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Macau Gets New Leader for Gambling City

Written by:
Guest
Published on:
Jul/26/2009

MACAU --  (Associated Press) - With no competition, Macau's new leader was appointed Sunday while the world's gambling capital and Chinese enclave struggles with an industry slump brought on by the economic crisis and tougher visa restrictions.

Fernando Chui's endorsement by a 300-member panel loyal to Beijing was a mere formality: he was the sole candidate for chief executive in the former Portuguese colony's first leadership change since reverting to Chinese rule in 1999.

Chui, 52, will figure prominently in shaping the gambling industry in Macau, the only place in China where casinos are legal. After years of spectacular growth that helped it overtake the Las Vegas Strip, the territory's market has started to sputter over the last year from the global downturn and travel curbs on mainland Chinese tourists.

But with much of the city's gaming policy already cemented, Chui, a former culture minister, isn't expected to bring any major changes right away.

"We will mainly follow these policies to allow Macau's gambling sector to develop in a healthy manner and hopefully it will hold an edge in Asia," Chui said. "The policy for the next few years is basically set.

"Everyone has to work extra hard in this competition to maintain the outstanding results that we have achieved in the gambling sector in the past few years," he added.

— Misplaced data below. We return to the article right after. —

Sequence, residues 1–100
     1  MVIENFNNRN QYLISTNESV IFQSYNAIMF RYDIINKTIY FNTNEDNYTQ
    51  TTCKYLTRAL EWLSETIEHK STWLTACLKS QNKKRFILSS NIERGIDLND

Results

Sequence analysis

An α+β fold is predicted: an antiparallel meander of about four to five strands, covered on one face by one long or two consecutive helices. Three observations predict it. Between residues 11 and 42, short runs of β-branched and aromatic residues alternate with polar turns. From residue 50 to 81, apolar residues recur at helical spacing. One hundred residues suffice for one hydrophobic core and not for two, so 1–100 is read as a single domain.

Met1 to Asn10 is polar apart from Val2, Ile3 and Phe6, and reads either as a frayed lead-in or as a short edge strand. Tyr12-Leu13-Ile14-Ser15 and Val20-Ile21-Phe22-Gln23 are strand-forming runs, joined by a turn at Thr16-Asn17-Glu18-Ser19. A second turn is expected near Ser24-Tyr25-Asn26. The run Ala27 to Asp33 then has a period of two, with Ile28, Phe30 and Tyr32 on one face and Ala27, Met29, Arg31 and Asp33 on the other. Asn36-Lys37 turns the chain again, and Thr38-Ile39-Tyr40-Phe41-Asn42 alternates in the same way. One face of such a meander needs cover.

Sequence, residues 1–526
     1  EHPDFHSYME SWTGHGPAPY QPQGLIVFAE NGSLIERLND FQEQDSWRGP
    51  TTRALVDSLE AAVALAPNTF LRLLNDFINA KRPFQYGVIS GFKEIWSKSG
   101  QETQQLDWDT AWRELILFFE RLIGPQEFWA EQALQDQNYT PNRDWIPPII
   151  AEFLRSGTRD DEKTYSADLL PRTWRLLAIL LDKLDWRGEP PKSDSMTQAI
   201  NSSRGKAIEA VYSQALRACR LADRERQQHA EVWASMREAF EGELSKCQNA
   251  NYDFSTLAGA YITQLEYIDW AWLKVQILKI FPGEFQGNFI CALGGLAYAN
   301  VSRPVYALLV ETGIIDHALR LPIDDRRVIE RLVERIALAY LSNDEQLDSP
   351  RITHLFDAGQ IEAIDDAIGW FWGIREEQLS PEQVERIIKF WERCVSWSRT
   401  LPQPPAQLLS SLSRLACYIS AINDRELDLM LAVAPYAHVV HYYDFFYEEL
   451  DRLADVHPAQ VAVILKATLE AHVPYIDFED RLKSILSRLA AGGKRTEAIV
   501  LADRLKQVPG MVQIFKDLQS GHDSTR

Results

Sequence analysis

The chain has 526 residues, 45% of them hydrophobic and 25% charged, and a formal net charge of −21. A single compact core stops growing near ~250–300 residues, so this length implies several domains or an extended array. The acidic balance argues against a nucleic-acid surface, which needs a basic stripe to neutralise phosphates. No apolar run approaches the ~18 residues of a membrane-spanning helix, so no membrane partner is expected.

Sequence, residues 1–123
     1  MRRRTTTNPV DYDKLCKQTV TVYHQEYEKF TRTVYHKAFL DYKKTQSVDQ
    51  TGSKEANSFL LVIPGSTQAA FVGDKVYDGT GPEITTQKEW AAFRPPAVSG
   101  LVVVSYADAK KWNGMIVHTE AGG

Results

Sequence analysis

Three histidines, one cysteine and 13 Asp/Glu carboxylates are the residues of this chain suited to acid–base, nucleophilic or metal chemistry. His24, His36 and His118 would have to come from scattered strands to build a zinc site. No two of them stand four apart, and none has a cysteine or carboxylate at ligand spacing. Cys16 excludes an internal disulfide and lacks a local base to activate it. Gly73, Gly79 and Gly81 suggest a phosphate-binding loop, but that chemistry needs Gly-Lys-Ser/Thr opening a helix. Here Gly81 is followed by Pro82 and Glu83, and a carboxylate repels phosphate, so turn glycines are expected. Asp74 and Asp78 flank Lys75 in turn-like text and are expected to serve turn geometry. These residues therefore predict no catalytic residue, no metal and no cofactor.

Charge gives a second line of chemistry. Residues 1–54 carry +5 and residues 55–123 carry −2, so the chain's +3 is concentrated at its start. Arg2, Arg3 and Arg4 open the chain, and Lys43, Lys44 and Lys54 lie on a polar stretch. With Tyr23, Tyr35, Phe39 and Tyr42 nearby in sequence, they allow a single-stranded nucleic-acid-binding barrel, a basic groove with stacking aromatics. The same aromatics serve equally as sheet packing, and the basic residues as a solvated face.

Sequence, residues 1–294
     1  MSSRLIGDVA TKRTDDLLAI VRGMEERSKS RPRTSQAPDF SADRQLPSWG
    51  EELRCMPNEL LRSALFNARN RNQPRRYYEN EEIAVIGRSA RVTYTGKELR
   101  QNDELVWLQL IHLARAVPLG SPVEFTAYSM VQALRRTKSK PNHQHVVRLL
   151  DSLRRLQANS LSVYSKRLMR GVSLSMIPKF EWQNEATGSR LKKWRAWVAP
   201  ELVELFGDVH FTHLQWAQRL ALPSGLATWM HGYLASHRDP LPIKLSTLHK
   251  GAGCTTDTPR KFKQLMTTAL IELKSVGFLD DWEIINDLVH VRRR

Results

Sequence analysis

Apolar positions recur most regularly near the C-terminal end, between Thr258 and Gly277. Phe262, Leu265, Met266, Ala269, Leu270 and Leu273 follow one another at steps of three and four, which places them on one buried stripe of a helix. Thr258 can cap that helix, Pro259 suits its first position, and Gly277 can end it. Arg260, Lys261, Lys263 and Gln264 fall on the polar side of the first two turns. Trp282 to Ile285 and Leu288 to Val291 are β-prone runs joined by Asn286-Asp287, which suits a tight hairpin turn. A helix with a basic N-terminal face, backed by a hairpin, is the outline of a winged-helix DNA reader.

The incumbent, Edmund Ho, announced last year that Macau will not issue new casino licenses or approve new applications for additional gambling tables or slot machines in the near future.

 

But there are growing expectations Chui's election might lead Beijing, as a goodwill gesture to a new administration, to end the visa restrictions on mainland visitors, Macau's biggest customers by far.

Casino mogul Stanley Ho, whose SJM Holdings is Macau's largest gambling company by market share, said he believed Chui wouldn't push for more regulations on the industry. He suggested Chui could also help tame some of the acrimony among Macau's six casino operators.

"He will ensure that there should not be any fighting among the six of us and we should work together for the good of the citizens, for the good of Macau," said Ho, a member of the election committee that picked Chui.

Chui received 282 votes on Sunday, according to Chu Kin, president of Macau's electoral affairs committee. He will take office in December and serve a five-year term after his appointment receives formal approval from Beijing.

Unlike neighboring Hong Kong, about an hour away by ferry, this city of more than a half million people has a history of strong pro-China sentiment and only a token presence of pro-democracy opposition lawmakers. In Sunday's poll, several lawmakers cast blank ballots to protest the electoral system.

 

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